African Lithium Production to Surge to 10% of Global Output in 2024 (Benchmark)


(Ecofin Agency) – UBS expects the world’s lithium production to leap 40% this year. Thanks to new production capacities in Zimbabwe and Mali, Africa could play a major role in the surge.

By 2024, Africa is projected to account for 10% of global lithium production, up from 4% in 2023, according to Benchmark Mineral Intelligence. This substantial progress can be largely attributed to China’s increasing investments in the continent.

Zimbabwe, where Chinese groups have invested over $1 billion between 2021 and 2023, is expected to contribute significantly to the increased supply. Also, Mali’s first two lithium mines should commence production in 2024. The projects are co-financed by Chinese companies Ganfeng Lithium and Hainan Mining. 

Benchmark estimates that over 90% of Africa’s planned lithium supply for this decade will come from projects partially owned by Chinese entities.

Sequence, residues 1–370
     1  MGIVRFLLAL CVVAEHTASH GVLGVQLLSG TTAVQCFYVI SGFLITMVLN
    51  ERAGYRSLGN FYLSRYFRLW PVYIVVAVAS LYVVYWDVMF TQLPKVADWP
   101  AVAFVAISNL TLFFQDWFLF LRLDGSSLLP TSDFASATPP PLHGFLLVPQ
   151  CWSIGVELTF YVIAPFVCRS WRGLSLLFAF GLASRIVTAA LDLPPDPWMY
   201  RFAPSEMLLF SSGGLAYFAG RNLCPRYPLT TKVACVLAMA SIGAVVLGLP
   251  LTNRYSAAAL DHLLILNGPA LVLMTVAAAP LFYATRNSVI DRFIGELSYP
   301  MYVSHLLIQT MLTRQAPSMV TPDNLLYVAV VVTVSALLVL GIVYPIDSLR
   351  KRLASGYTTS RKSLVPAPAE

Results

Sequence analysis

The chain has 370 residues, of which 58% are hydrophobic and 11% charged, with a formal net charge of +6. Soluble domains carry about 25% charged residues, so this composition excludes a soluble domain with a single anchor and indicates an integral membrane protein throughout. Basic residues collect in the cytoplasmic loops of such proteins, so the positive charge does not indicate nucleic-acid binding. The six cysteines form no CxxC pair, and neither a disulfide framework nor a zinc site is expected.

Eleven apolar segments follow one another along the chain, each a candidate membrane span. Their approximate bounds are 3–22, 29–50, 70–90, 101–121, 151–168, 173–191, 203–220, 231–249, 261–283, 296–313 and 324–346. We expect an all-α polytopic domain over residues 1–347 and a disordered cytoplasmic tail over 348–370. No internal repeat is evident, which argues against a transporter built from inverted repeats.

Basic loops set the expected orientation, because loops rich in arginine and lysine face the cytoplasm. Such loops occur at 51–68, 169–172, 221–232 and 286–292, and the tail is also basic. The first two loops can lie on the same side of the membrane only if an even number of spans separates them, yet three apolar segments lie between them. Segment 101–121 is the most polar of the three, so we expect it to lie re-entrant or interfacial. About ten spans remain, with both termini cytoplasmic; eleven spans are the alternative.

Besides China, Australian companies are also present in the lithium sector, such as Atlantic Lithium, which is developing the Ewoyaa project in Ghana. This marks Ghana’s first lithium mine, with construction co-financed by American Piedmont Lithium.

Lithium is key to making electric vehicles. In recent months, global prices fell but the direct impact of this drop on ongoing lithium projects in Africa is yet to be apparent, according to a March report by Ecofin Pro. The report notes that countries with lithium resources have not fully benefited from the price surge observed a few years ago and must now develop strategies to expedite the potential of their projects.

Emiliano Tossou


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